27 min

SEO Knowledge-based Search with Bill Slawski – Online Marketing Best Practices Podcast from OMCP Podcasts – OMCP

    • Marketing

SEO: Determining Algorithm Changes







Google’s recent updates are leaning heavily towards knowledge-based search. How does it work and how should our content be optimized for it?  What signals are they looking for for inclusion in the knowledge graph? Find out here in this interview with SEO and Google patent analyst Bill Slawski who is also Director of SEO Research at Go Fish Digital, and author at SEO by the Sea. Here Bill covers knowledge graph usage, ontology based images, augmented queries based on knowledge graphs, and how to stay up to date with the changes in search.







The OMCP Online Marketing Best Practices Podcast is where top authors and industry leaders share authoritative best practices in online marketing which are covered by the OMCP standard, competencies, and exams.  This is an OMCP pilot program that may continue based on member interest and support. Stay subscribed to the OMCP newsletter to get new episodes.











Interview with Bill Slawski







Bill Slawski helps us understand the systems behind search results.







Michael:All right. Welcome back to the OMCP Studio, and with us today is Bill Slawski, Director of SEO Research at Go Fish Digital, author at SEO by the Sea. Bill, welcome to the OMCP Best Practices Podcast.







Bill Slawski:Thank you for having me here, Michael.







Michael:We know your blog SEO by the Sea for your insights on algorithm interpretation based on patents. We know you’re the director of research at Go Fish Digital, but some may not know he studied law, but before we get started, for those who haven’t read your blog or followed your Twitter or heard you speak, tell our audience something we don’t know about you, and what it is you’ve been working on lately.







Bill Slawski:Okay. I graduated from law school just before the web came round, and I was interested in environmental law. And one of my professors was rewriting a paper he had written previously and updating it on finding electronic sources of information to do natural resource damage assessment. Sources like LexisNexis and so on. And eventually that became just like the web. So I had an introduction to the electronic databases that were in the world before there was a web, which was an interesting experience.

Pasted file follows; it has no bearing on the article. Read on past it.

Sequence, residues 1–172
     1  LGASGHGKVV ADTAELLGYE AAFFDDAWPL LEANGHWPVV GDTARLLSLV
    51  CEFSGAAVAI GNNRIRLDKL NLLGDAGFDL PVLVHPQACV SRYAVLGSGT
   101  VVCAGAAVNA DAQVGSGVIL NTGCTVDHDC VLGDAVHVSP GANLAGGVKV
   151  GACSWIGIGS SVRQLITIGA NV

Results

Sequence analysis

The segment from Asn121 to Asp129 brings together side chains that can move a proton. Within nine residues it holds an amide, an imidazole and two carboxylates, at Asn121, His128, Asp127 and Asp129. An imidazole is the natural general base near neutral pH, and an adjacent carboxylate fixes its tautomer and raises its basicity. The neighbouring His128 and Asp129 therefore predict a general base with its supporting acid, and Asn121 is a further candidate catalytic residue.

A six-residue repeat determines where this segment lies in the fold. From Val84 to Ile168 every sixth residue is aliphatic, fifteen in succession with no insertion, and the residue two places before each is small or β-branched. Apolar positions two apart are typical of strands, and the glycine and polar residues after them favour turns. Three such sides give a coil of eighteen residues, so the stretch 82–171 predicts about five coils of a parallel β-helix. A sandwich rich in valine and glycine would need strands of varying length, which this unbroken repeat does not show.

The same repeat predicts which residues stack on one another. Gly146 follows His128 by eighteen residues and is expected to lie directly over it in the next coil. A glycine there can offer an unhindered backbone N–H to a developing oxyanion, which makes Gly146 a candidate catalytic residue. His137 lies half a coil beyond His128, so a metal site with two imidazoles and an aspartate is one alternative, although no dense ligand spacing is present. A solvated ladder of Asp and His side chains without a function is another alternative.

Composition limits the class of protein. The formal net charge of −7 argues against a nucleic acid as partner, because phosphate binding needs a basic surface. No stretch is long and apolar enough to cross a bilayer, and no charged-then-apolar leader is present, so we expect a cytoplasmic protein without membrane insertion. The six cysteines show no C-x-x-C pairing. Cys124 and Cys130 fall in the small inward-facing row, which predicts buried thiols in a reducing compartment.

Michael:So you were, in some ways, helping categorize knowledge from the start. What brought you into the digital era?







Bill Slawski:So I had a friend who was a service manager at a car dealership, and he hated his job. He couldn’t stand it. I was reading a book on how to incorporate people in Delaware and be the registered agent as a business. The only technical requirement for performing that job was having a postal address in Delaware, so you can receive notice of process in case there was a lawsuit against one of these companies. So the idea was, you charge people to be the registered agent, you act as a registered agent, and register with the Department of Corporations for the state. I suggested it to him. He said, “Well that sounds like good idea, except I don’t have a website,” and I said, “Well, let me see what I can do about that,” and I learned HTML in two weeks and spent two weeks and built a website.







Michael:And since then, you’ve helped countless businesses set up strategy for SEO. You’re considered an authority on how search engines work. So it just makes sense that we’re going to cover how marketers can understand how en...